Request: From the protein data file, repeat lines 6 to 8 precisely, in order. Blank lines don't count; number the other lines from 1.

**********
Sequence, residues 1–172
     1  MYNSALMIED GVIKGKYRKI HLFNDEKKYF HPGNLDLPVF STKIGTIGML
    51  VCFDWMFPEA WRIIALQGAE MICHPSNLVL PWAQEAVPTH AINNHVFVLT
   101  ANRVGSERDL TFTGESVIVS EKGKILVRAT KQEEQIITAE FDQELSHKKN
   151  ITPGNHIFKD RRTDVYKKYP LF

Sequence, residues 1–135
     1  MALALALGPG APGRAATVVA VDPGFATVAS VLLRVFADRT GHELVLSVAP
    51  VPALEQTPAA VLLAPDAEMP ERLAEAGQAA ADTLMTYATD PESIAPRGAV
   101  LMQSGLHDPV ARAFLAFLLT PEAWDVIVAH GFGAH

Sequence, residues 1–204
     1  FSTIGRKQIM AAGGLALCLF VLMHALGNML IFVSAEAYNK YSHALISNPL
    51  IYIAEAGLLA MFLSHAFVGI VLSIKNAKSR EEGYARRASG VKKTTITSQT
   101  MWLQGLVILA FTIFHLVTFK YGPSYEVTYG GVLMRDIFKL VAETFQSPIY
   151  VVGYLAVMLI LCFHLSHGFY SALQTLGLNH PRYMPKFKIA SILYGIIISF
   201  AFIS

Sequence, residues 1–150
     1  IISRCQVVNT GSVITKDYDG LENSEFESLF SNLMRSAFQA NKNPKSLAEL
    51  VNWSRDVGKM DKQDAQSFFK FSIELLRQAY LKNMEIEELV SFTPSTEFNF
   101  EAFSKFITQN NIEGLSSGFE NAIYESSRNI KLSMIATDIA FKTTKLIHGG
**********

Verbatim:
Sequence, residues 1–135
     1  MALALALGPG APGRAATVVA VDPGFATVAS VLLRVFADRT GHELVLSVAP
    51  VPALEQTPAA VLLAPDAEMP ERLAEAGQAA ADTLMTYATD PESIAPRGAV